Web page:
large carnivores

Bathornis grallator, a flightless bird about 75cm tall (2′6″) from the Late Eocene and Early Oligocene of Midwestern USA (~37-34 mya).

It was originally mistaken for a long-legged vulture (under the name Neocathartes) when first discovered in the 1940s, but later studies have shown it was actually one of the smaller members of the bathornithids – close cousins of the more well-known South American “terror birds”, successfully occupying terrestrial predator niches alongside large carnivorous mammals.


anonymous asked:

What do you feed the carnivores? Regular meat or live prey? If not the latter, what stimulation do they receive to really kick in those predator instincts?

Hello, anon! Excellent question. I’ve been meaning to address this, since a lot of folks (particularly the kids) ask this same question during feedings: “Where’s the meat from?”

There’s lots of carnivores (and omnivores) here, and we feed them lots of different things! The majority of our carnivorous animals’ diets are regular meals are given in the same spot each time: their lockouts. As mentioned in our checkups ask, these are kind of like “bedrooms” for the animal. Having them eat in these lockouts gets them familiarized, which is important for everything from vet procedures to transportation.

Anyways, our actual food varies depending on the animal. When feeding extant animal meat, then it’s horse, cow, or pig meat, chicken or other bird, rabbit, mice, fish, squid, and more. However, a few of our carnivores are fed what I think is a rather ingenious diet – muscle tissue from the animals they’d be feeding on in their native times! Our geneticists and lab workers have been able to sequence and produce isolated muscle (sometimes even bone!) from an array of prey animals. A few common genomes from where we derive the stem cells belong to Edmontosaurus, Apatosaurus, Onchopristis (hint hint), and the aurochs. This removes the issue of importing meat or extant livestock to slaughter, for the most part. The scale of the animal is usually the biggest factor in determining portion sizes, and we also focus on energy level and that individual’s health. No matter how the meat was procured, it’s typically packaged for transport and serving in ‘meat rolls.’ They look like the ones you can get at the pet store for your dog, except ours are usually much bigger and have some different ingredients.

In terms of how we, “really kick in those predator instincts,” live prey is one of the best methods. We do have to be careful, because just as predators have evolved to catch their prey, the latter has evolved to evade and survive despite being hunted by the former. Basically, this means that live prey has the potential to injure our predators - which is why  live prey is always much smaller than the predator, such as when Allosaurs are given rabbits to chase, or when the prey cannot do any real harm, such as feeding ‘bugs’ like grubs and crickets to small animals. Live fish is rarely used because by the time a keeper throws a dead fish in the water for whatever animal to chase after, it’s eaten up in about the same amount of time as a live one would anyways!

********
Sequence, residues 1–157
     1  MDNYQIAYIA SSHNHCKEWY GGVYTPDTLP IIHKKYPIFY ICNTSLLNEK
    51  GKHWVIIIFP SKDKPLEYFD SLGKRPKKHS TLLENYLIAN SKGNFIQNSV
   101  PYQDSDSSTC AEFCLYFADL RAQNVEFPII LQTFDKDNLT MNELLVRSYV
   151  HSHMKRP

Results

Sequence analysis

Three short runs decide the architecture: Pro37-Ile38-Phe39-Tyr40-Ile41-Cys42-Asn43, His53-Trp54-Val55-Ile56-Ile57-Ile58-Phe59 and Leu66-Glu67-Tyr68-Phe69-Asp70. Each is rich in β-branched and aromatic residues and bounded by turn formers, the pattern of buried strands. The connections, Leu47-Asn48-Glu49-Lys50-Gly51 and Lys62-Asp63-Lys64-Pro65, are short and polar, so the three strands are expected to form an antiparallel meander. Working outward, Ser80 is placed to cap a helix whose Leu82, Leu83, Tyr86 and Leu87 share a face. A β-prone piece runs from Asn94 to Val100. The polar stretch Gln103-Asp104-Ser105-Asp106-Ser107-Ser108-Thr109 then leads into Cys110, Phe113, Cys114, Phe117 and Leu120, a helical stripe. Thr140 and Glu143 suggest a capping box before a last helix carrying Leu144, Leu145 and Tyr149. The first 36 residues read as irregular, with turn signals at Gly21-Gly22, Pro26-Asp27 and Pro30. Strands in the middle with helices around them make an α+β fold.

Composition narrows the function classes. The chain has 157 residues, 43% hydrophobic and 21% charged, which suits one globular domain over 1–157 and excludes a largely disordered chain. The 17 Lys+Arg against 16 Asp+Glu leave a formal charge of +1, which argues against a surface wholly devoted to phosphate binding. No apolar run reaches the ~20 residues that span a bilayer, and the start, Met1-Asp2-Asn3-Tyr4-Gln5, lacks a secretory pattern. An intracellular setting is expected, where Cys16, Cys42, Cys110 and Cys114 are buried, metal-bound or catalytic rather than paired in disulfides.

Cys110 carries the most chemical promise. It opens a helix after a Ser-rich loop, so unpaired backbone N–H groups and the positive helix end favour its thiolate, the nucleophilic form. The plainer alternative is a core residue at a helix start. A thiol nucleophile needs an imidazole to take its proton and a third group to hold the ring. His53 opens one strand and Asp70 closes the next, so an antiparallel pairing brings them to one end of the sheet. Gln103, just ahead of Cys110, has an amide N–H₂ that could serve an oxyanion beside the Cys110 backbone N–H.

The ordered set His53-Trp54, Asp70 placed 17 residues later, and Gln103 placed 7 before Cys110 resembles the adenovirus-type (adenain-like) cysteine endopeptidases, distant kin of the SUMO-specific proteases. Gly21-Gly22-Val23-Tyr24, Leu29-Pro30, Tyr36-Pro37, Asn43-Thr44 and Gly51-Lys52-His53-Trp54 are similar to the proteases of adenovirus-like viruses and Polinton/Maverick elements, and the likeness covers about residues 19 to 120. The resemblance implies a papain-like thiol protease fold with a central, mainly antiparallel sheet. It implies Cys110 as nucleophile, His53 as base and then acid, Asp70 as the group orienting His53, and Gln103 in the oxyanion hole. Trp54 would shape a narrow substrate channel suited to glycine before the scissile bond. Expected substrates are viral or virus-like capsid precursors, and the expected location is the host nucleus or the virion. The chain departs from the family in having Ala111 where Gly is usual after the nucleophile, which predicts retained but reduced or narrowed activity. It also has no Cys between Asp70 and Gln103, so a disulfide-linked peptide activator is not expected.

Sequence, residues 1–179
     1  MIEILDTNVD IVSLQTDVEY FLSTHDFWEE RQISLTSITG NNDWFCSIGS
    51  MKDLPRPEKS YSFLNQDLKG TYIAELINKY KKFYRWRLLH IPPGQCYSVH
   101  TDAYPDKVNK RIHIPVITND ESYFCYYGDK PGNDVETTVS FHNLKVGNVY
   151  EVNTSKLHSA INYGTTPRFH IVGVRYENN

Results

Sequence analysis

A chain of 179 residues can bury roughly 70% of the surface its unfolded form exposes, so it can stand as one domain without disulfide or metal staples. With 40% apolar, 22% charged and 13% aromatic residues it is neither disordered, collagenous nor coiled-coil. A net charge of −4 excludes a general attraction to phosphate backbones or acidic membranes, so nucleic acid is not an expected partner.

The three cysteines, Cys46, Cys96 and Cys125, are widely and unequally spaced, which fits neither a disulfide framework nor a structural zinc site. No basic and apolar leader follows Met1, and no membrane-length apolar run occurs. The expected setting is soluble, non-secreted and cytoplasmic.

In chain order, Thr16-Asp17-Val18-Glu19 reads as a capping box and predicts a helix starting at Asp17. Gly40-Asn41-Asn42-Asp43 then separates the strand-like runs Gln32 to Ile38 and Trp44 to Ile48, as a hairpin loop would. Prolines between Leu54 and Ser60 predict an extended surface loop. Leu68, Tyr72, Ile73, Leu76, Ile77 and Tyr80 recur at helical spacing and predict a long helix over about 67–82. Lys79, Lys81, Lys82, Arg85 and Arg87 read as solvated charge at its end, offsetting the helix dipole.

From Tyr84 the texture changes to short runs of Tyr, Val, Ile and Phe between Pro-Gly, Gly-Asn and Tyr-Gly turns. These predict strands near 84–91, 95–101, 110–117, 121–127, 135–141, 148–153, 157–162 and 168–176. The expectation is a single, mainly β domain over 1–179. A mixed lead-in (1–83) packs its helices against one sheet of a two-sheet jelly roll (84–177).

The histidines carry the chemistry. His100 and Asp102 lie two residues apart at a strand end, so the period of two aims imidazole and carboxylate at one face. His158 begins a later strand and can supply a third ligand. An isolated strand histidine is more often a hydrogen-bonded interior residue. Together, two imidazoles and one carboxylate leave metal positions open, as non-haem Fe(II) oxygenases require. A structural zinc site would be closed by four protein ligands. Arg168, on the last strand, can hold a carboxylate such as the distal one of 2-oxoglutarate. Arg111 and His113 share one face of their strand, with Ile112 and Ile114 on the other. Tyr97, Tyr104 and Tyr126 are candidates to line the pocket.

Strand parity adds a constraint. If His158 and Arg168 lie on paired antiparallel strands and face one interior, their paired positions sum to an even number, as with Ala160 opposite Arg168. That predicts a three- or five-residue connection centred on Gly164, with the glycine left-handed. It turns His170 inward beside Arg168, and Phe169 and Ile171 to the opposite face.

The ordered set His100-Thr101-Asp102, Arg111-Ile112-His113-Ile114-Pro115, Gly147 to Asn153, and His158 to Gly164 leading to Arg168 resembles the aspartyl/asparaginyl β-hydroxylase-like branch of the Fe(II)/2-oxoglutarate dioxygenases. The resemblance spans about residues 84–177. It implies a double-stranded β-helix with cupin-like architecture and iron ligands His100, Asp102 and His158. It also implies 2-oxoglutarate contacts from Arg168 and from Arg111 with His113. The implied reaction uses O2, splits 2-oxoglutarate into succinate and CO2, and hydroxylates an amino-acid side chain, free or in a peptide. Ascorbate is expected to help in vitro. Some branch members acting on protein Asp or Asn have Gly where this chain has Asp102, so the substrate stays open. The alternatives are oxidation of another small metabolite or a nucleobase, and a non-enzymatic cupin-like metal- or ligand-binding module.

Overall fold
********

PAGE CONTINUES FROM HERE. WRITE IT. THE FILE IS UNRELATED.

Other food enrichment includes spreading it around for the to forage, and this works with all types of diets. We use food tidbits (or… slightly larger than ‘tidbits’ for say, the mosasaur) as rewards in training. ‘Boomer balls’ and other toys can have food hidden inside the animal has to work with to get it out.

We’re also working on incorporating robotics into our feeding enrichment, to spice things up a little and offer more types of enrichment. A lot of it’s still confidential, wink wink, but I can tell you a little bit… think drones built for carrying and depositing food, tracks that can allow animals to chase dead food, sturdily built rovers for animals to attack… we’ve got a lot of ideas and experiments in the works, so stay tuned! As always, we’re still creating new ways to spice things up for the animals, keepers, and visitors.

Please note that we care for our animals – both display and fodder – to the very best of our abilities. World class veterinarians, behaviorists, and analysts help us make informed decisions about diet and care. After all, these are the first extinct animals to be cared for by humans!

-Anastasia Falconer, Head Veterinarian

Man Eating Tree

Man-eating tree or carnivorus tree can refer to any of carioca legendary or cryptid carnivorous plants large enough to kill and consume a person or other large animal. The carnivorous plant with the largest known traps is probably Nepenthes rajah, which produces pitchers up to 41 cm (16 in) tall with a volume up to 3.5 litres (0.77 imp gal; 0.92 US gal). The pitcher of this species are designed to trap arthropods such as ants. However, the same bait may also attract rodents like the Summit rat (Rattus baluensis)and the Mountain treeshew (Tupaia montana) . Only very rarely will the rodents fall into the large pitchers of this species. Other large carnivorous plants that have similar properties include Nepenthes robcantleyi and Nepenthes attenboroughi.

The Nubian Tree

Phil Robinson, writing in Under the Punkah (1881), related the tales of his “uncle’s” travels throughout the world. He described a “man-eating tree” that was to be found in “Nubia”. In the tale, Robinson’s uncle describes the tree:

This awful plant, that rears its splendid death-shade in the central solitude of a Nubian fern forest, sickens by its unwholesome humours all vegetation from its immediate vicinity, and feeds upon the wild beasts that, in the terror of the chase, or the heat of noon, seek the thick shelter of its boughs ; upon the birds that, flitting across the open space, come within the charmed circle of its power, or innocently refresh themselves from the cups of its great waxen flowers ; upon even man himself when, an infrequent prey, the savage seeks its asylum in the storm, or turns from the harsh foot-wounding sword-grass of the glade, to pluck the wondrous fruit that hang plumb down among the wondrous foliage. And such fruit ! Glorious golden ovals, great honey drops, swelling by their own weight into pear-shaped translucencies. The foliage glistens with a strange dew, that all day long drips on to the ground below, nurturing a rank growth of grasses, which shoot up in places so high that their spikes of fierce blood-fed green show far up among the deep-tinted foliage of the terrible tree, and, like a jealous body-guard, keep concealed the fearful secret of the charnel-house within, and draw round the black roots of the murderous plant a decent screen of living green.